Students Benefit From Facebook Partnership to Combat Cybersecurity Threats

Ahmed Ibrahim, center, with students, from left, Monique Mezher, Simmy Bhatia, Maggie Gates, Mariah Kenny and Shaishav Naik.

Computer science professor Ahmed Ibrahim, center, with students, from left, Monique Mezher, Simmy Bhatia, Maggie Gates, Mariah Kenny and Shaishav Naik. (Photo by Dan Addison, University Communications)

February 11, 2018

Stolen personal data. Breaches that compromise millions of credit card numbers in a day. Shady helpdesk phone calls designed to trick employees into fraudulent password resets.

Cybersecurity threats are pernicious and growing, and they’re driving demand for a new field of professionals trained to combat them.

Now, a professor in the University of Virginia’s School of Engineering and Applied Science is partnering with Facebook and to make sure his students are getting the latest and best cybersecurity training. 

Ahmed Ibrahim, an assistant professor of computer science, teaches network security. This spring, his students are using a curriculum designed to give them more hands-on training in combating digital threats, which are often difficult and expensive to replicate in classroom environments.

UVA is one of a handful of schools nationwide using the training, which is designed to teach fundamentals and give students a chance to fight off simulated cyberattacks. The partnership started last summer, when Ibrahim met a contact at Facebook who said the company is interested in promoting cybersecurity training in colleges and universities –and in providing mentorship and chances for students to participate in projects and receive scholarships.

One of those early opportunities was the Enigma conference, covering a wide range of topics in security and privacy, that Ibrahim and his students attended in January during a trip that included a visit to Facebook headquarters in Santa Clara, California. 

“Our industry needs to be reflective of the diversity of people we aim to protect,” said Stephanie Siteman, an information security program and operations manager at Facebook. “We believe we all have to work on creating an environment that is open and welcoming to different people, with different backgrounds and different thoughts in order to help the security community better reflect the diversity of the people around the world they aim to protect.”

Two students, second-year Saishav Naik and third-year Mariah Kenny, took a six-week training in the fall that prepared them to be teaching assistants for the 50 students taking the course this spring.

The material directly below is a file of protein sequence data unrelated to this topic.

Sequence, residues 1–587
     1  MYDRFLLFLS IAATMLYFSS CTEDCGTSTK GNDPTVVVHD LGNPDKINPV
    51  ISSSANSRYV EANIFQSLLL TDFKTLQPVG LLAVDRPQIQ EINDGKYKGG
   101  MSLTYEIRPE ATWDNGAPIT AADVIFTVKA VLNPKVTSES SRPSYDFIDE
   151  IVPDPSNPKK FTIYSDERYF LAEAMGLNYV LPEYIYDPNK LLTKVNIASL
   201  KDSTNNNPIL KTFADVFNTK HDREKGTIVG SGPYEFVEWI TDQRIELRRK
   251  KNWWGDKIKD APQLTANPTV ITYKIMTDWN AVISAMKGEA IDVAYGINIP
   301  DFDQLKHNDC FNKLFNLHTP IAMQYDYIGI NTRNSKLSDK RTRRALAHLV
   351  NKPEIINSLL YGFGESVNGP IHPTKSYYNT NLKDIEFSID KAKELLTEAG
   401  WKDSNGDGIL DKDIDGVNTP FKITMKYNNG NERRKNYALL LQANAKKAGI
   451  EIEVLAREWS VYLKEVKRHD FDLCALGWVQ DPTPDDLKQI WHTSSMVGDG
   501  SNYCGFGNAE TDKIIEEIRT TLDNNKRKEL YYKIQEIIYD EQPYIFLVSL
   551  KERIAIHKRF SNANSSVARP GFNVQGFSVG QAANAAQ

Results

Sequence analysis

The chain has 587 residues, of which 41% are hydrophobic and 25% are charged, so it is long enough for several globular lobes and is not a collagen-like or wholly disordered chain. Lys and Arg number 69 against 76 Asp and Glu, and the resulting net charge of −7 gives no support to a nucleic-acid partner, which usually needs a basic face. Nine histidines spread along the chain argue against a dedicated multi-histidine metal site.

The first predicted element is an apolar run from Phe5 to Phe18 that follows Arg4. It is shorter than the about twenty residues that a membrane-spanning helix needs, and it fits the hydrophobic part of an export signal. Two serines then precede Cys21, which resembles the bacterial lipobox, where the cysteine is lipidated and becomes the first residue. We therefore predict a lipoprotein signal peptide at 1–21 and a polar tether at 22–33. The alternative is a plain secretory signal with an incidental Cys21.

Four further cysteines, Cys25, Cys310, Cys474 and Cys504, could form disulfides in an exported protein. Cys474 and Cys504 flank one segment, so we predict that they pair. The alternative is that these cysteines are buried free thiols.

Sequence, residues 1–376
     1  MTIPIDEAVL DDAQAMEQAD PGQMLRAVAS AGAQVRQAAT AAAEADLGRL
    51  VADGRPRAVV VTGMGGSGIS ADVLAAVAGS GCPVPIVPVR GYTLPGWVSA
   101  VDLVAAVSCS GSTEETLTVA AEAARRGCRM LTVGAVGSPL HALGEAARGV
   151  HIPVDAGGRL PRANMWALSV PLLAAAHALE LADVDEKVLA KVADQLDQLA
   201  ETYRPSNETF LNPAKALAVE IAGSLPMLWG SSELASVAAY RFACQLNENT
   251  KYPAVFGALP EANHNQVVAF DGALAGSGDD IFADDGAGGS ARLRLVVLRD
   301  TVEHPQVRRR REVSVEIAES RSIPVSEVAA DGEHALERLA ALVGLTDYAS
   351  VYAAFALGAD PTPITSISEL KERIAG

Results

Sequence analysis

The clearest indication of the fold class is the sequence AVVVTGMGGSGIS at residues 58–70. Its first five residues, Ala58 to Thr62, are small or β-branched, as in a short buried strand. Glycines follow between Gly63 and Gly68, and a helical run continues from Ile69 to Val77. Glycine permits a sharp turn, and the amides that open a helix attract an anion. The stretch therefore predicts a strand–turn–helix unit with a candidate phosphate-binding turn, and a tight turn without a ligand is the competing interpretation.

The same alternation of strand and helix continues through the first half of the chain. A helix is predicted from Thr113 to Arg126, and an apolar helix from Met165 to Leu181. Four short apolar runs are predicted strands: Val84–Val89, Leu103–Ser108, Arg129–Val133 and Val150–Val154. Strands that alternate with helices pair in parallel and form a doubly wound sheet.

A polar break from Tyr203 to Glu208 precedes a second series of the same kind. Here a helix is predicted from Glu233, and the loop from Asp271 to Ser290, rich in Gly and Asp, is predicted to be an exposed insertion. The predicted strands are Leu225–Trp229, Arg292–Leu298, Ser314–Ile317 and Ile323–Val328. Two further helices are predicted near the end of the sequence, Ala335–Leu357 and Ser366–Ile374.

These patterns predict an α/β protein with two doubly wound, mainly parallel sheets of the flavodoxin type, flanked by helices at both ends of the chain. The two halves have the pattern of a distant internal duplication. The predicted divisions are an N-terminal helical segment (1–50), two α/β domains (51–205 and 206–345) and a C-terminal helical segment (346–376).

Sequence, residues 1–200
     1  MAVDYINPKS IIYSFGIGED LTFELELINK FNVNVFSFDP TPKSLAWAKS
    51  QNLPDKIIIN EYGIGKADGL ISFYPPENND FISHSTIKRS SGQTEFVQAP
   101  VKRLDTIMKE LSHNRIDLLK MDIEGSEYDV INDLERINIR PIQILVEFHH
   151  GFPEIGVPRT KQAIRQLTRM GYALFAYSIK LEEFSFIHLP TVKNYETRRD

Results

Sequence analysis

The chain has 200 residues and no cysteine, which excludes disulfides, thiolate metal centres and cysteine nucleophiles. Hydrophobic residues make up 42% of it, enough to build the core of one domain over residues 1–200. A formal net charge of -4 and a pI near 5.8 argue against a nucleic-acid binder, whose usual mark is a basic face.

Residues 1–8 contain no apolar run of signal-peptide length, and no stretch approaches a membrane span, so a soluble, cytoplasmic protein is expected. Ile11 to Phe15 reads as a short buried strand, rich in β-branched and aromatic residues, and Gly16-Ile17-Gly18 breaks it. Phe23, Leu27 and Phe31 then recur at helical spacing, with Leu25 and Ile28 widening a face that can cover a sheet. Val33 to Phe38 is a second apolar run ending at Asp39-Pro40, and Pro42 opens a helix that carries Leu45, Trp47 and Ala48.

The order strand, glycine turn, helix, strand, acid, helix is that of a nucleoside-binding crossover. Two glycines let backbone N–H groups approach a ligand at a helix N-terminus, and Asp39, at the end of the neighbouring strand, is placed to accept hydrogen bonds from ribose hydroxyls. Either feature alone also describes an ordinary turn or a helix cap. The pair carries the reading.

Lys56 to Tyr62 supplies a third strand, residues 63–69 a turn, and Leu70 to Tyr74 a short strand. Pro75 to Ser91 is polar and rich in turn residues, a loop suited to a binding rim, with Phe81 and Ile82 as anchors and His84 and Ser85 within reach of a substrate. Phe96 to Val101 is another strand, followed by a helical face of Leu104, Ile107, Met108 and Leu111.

Monique Mezher, a third-year computer science student who is also a teaching assistant this spring, said the traditional classroom experience is important, but that hands-on training is a crucial addition. 

“It’s like if you wanted to learn to knit,” she said. “You could watch every YouTube video on knitting that there is, and read books, but you wouldn’t really know how until you started trying to do it yourself.”

Mezher was one of several students who benefited from another facet of the partnership with Facebook and CodePath. Over the winter break, she traveled with Ibrahim and others to a conference where she got an up-close look at the cutting edge of research in a particular area of digital security that she’s interested in: combating a now-obsolete security algorithm that is still in use around the web, despite known vulnerabilities. The students also spent a full day with Facebook’s security division, learning how they operate and what they’re looking for in potential employees.

At the conference, she met with a researcher who has written code to address the problem. Back at UVA, she turned that into a classroom exercise for students. 

Electronic threats take many different forms, and so must the cybersecurity protocols designed to thwart them. Simmy Bhatia, a second-year computer science student, is interested in how electronic health records are stored and saved.

“It’s a good way to store information, versus physical files, but there’s no good and efficient way to share them between different hospitals,” she said, because many hospitals use different vendors for electronic health record storage. That means they can’t easily share those records with other hospitals or groups, leading to security vulnerabilities and reliance on old methods of sharing health records, like faxes or mail. Bhatia is interested in helping develop a common secure standard for sharing electronic health records, eliminating that risk and enabling meaningful use of such records.

 Cybersecurity threats don’t always involve hacking large databases. Sometimes, they target your thermostat – or your refrigerator. Maggie Gates, a third-year computer science student, is interested in the security implications of the so-called “Internet of Things,” or the connected devices that run on home wireless networks.

“I personally had no idea how many different fields of study touch cybersecurity,” she said. “A lot of people in that field now didn’t start off in it, because it’s so new. It made me excited to get in on the ground floor.”

Ibrahim said the networking and training opportunities the partnership allows also help students with an important, but oft-overlooked part of preparing for the workforce: being able to communicate clearly and professionally with colleagues.

“Even if you have a lot of excellent technical skills, if you’re not good at communicating to others, companies might not be able to hire you,” he said. “They might choose someone who has good communications skills, knows the fundamentals well, is not as technically proficient, but who they feel is going to be more productive in the future,” referring to conversation he had with Ben Hagen, head of Corporate Information Security at Facebook.


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Rob Seal

School of Continuing and Professional Studies